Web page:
No. 2

aCCeSsions is the online journal of the Center for Curatorial Studies, Bard College, New York.

aCCeSsions takes curating as a basis for expanding and transforming the disciplinary limits of existing discourses, for engaging with knowledge and practices outside of art and exhibition-making, and for the transdisciplinary investigation of what curatorial praxis could be.

aCCeSsions commissions contributions over a biannual publication cycle. Each new issue is launched with feature pieces and provocations that explore the publication cycle’s central theme. The provocations are designed to elicit a chain reaction of responses and a wider conversation, which culminates at the end of the cycle with concluding remarks from the initial provocateur. Each issue of aCCeSsions is archived at the end of the publication cycle.

Editorial Board


Benjamin Austin, Linden Baierl, Adriana Blidaru, Christian Camacho-Light, Tim Gentles, Josephine Graf, Rosario Güiraldes, Laura Herman, Patricia M. Hernandez, Emma James, Dana Kopel, Humberto Moro, Bhavisha Panchia, Yanhan Peng, Staci Bu Shea, Alexis Wilkinson



Shehab Awad, Anna Gallagher-Ross, Pat Elifritz, Emer Grant, Lisa Long, Lynn Maliszewski, Julie Niemi


General Editor:

Paul O’Neill


Managing Editors:

Roxana Fabius

Orit Gat



Robin Mackay


Bard College

NY 12504-5000


Design by Other Means


The Overview Effect

No. 2, 2016

A Path of Safe Travel — aCCeSsions


Sarah Oppenheimer, William Warren, A Path of Safe Travel

Alexis Wilkinson: So, is it Bill or William?


William Warren: Bill! Call me Bill.


AW: Bill, will you please start by introducing yourself?


BW: I am a professor of Cognitive, Linguistic, and Psychological Sciences at Brown University, and for seventeen years I’ve been using virtual reality (VR) to conduct my research. I study the visual control of action of all kinds in the Virtual Environment Navigation Lab, or VENLab. I have been focusing on the visual control of locomotion (how we walk around in a cluttered world) and navigation (how people learn the layout of their environment, and manage to get from one place to another). That’s where my connection with Sarah really began.


Sarah Oppenheimer: My conversations with Bill arose initially because I had been trying to understand the relationship between locomotion and the architectural environment. I had set up a series of experiments, soliciting people to participate in blind studies. Participants were asked to walk through an interior room clad with a flexible wall system. Rooms were elaborate 1:1 scale models of standardized interiors. I tracked movement using multiple cameras, modified the environment in response to locomotion patterns and, ultimately, compared locomotion data resulting from different spatial configurations.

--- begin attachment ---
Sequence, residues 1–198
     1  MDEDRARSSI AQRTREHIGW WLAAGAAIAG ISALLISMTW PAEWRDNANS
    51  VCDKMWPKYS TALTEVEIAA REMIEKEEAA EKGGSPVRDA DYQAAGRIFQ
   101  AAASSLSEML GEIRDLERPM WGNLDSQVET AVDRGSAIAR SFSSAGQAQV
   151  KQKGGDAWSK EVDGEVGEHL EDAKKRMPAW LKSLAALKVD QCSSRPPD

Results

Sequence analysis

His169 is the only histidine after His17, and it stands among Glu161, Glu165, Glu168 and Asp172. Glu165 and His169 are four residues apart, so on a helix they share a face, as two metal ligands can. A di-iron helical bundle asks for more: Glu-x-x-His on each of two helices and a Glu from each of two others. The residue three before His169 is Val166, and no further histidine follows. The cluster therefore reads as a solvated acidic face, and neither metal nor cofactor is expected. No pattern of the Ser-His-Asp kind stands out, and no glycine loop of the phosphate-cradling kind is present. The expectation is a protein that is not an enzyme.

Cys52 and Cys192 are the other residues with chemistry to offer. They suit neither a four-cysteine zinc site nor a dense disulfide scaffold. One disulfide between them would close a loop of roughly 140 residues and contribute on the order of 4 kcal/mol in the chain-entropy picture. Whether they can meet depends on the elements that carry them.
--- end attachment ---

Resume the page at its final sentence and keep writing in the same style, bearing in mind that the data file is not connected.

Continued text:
Sarah Oppenheimer. Test subject exploring Hallway. Drawing Center, 2002.


The challenge of creating an accurate model of an architectural site quickly became apparent. This problem of representation was not limited to the simple navigational studies I had been developing. It seemed to be a central question in all experimental models of social behavior.

I also became increasingly concerned that by performing the experiment within the framework of an art institution, the form of the test would be taken for the work itself. This troubled me, as it invoked some of the limitations I had observed in relational aesthetics: the appropriation of social modes of behavior became the form of the work. I wasn’t interested in the experiment as form; I was interested in understanding the relationship between architectural surroundings and spatial navigation.

This led me to research existing studies on the relationship between cognition and navigation. I contacted Bill to find out more. There was a funny congruence here, because what had been developed at VENLab was a very sophisticated virtual model. This model seemed to address the ever-present problem implicit in all studies of spatial navigation: how one simulated the space one studied.


Woman exploring a virtual reality environment at VENLab.



BW: I got this e-mail from Sarah back in 2007. I’d been teaching a course called “Perception, Illusion, and the Visual Arts” for many years, as well as other courses on perception and action. I thought, “Wow, this is great! A practicing artist is reaching out to me, and I’d love to talk with her.” Sarah started talking about wormholes, folding space, a taxonomy of holes, which was closely connected to my research. That began a whole series of conversations.